Panaro and Carmello were ably supported by the other six performers in the current cast. Jake Boyd, playing Anthony Hope, the sailor who rescues Sweeney and falls in love with his daughter Johanna, displayed a gorgeous tenor voice and innocent demeanor as the earnest young sailor. On the night reviewed, understudy Monet Sabel stepped in for Erin LeCroy as Johanna and Sabel’s winning soprano voice made a lovely Johanna.

John-Michael Lyles was the simple young boy Tobias that Mrs. Lovett takes in after the mysterious disappearance of the barber Adolpho Pirelli, was played (as it occasionally is, as a “trouser role”) by Stacie Bono; who also played the Beggar Woman.

Michael James Leslie lent his booming bass voice to the role of Judge Turpin and John Rapson – known to many for his multiple comedic roles in the national tour of the Tony Award-winning A GENTLEMAN’S GUIDE TO LOVE AND MURDER – was hilariously haughty as Turpin’s today Beadle.

Boyd, LeCroy and Lyles will also left the production on February 27.  They were replaced by Billy Harrigan Tighe, DeLaney Westfall, and Zachary Noah Piser, all of whom are in the cast as of this writing on March 21.

Broadway in New York pick for fans of SWEENEY TODD and Stephen Sondheim

While the  pie shop decorations are fairly realistic (and are refurbished during intermission to reflect the shop’s prosperity as the new secret meat ingredient gains popularity), the audience must use their imagination to picture some of the other settings – like the Judge’s home and courtroom, a madhouse and the bake room with its huge and deadly oven. Those who have seen the show before – and many people have – will have no trouble here. And, the minimal scenery is more than compensated for by the energetic and intimate performances, with actors bounding up and down from tables just inches from the audience’s faces in Bill Buckhurst’s direction. Even the reduced orchestrations – with just piano, violin and clarinet capture enough of the texture of the original orchestrations to be satisfying.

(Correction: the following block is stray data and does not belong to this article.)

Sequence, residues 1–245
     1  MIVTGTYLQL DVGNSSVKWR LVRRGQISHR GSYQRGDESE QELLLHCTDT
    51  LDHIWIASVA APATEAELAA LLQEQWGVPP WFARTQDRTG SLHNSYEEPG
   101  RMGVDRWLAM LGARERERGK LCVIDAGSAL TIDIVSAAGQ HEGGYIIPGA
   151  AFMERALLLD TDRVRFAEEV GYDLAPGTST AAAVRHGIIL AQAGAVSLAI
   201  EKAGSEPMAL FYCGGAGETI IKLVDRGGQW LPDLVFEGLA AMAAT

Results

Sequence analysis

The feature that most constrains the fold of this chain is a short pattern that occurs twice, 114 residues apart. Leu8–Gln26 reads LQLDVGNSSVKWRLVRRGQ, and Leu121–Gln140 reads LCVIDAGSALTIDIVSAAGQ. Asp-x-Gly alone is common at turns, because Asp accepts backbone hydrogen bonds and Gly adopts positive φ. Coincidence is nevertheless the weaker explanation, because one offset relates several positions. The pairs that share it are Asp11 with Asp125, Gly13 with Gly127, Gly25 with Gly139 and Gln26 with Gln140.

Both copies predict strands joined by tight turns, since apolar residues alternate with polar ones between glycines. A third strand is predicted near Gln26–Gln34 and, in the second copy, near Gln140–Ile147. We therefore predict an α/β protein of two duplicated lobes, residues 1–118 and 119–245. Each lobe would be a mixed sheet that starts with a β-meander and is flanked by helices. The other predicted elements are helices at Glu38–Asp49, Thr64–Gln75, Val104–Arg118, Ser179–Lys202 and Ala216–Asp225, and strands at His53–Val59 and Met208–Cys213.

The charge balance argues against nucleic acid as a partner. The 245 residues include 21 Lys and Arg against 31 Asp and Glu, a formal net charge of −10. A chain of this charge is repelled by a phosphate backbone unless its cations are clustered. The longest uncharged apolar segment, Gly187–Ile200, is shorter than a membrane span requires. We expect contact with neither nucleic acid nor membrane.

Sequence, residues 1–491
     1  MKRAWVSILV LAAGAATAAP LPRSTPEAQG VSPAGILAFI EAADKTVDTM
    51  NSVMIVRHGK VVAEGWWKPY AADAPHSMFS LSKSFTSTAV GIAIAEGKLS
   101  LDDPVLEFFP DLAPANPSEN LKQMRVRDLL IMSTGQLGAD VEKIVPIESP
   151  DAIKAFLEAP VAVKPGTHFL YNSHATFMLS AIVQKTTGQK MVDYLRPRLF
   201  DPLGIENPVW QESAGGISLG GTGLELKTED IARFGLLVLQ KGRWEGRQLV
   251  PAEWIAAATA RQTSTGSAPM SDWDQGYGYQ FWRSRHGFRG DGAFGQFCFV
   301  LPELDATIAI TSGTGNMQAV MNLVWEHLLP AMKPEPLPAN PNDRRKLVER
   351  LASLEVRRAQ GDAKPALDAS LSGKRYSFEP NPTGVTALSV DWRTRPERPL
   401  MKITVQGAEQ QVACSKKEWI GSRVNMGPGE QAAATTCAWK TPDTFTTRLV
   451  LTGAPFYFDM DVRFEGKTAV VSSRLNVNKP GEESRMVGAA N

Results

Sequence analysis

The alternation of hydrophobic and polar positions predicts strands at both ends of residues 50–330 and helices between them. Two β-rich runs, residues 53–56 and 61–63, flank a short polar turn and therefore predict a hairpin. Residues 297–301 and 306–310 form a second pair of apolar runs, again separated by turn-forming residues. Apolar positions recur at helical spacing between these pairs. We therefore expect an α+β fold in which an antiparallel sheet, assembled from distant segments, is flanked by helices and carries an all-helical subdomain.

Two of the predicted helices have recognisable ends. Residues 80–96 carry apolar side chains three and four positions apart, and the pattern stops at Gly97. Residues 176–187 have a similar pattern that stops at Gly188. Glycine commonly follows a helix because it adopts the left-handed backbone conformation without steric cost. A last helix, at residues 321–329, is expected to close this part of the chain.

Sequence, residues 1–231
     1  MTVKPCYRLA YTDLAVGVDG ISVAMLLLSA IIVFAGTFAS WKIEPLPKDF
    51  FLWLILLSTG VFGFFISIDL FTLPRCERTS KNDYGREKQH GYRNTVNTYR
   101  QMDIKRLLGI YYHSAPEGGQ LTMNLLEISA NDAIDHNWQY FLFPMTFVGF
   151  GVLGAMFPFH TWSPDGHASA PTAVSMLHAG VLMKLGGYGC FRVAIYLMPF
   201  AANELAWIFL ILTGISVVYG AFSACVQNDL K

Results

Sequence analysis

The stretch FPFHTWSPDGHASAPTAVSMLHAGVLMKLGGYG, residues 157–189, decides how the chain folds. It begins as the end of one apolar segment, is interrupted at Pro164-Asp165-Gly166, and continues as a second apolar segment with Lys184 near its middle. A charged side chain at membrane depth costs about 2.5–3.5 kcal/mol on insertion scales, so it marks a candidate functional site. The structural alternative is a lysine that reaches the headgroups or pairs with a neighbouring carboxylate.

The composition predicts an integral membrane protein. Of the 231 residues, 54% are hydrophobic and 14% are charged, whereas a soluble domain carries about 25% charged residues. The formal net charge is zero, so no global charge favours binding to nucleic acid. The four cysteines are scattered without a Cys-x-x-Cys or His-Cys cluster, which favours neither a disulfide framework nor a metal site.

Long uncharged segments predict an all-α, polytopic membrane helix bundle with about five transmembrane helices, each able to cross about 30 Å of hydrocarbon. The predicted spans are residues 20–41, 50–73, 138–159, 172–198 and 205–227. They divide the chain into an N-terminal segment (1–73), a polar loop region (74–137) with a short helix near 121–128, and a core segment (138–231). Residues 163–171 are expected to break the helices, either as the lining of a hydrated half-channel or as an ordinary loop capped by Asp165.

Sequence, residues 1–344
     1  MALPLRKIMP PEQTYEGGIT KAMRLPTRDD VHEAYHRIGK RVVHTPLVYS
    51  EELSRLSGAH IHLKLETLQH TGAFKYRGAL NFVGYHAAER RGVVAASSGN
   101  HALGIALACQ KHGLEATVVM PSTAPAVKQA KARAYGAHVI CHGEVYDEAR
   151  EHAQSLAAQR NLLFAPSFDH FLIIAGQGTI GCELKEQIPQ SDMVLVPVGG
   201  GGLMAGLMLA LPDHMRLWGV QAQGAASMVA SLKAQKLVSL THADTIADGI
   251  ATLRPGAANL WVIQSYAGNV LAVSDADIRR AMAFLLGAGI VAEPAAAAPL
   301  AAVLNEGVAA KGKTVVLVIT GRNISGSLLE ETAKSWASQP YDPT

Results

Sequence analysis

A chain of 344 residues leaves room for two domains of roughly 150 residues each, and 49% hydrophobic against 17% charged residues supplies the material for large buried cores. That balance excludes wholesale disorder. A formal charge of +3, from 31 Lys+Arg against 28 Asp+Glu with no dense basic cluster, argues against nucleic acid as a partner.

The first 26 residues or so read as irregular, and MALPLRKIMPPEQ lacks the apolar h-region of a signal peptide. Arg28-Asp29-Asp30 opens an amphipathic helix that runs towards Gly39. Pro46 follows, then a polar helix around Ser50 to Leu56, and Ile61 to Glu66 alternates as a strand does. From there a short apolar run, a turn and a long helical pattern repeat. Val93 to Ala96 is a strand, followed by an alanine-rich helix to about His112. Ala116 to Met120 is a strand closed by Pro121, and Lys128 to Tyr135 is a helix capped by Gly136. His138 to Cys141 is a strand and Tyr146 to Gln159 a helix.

Buckhurst’s take on the material is mostly comic – the performers and the audience all appear to having a wonderful time – yet as the tension and danger builds in Act Two, the director builds to a scary and suspenseful finish.

Fans of SWEENEY TODD will find this an exciting, in-your-face and funny approach to this contemporary classic. Newcomers to the piece might do well to watch the movie first to get a more literal introduction to this story, but seeing this afterwards, will have a blast watching its comedy and suspense.

Broadway in New York Sweeney Todd
John Rapson Photo: Joan Marcus

When:

Now playing – open ended run. (Tickets currently on sale through August 26, 2018)

Tuesday – Thursday at 7:30pm;

Friday & Saturday at 8pm

Matinees -  at 2:30pm on Saturday and 2 pm on Sunday.

Where:

Barrow Street Theatre
27 Barrow St. at 7th Ave.

New York, NY 10014

Tickets:

$55.00 - $199.00

(Meat or veggie pies are an additional $22.50 per person, Beef Wellington an additional $29.00 per person)

For tickets and more information visit the website for SWEENEY TODD

All photos by Joan Marcus

Broadway in New York Sweeney Todd
Carolee Carmello Photo: Joan Marcus

About the Author:

John Olson is an arts carnivore who is particularly a love of music, theatre and film. He studied piano, trombone and string bass into his college years, performing in bands and orchestras in high school and college, at the University of Wisconsin-Madison. While working as an advertising agency account manager, he began a second career as an arts journalist and is now principal of John Olson Communications, a marketing and public relations business serving arts and entertainment clients.

John Olson Photo by G. Thomas Ward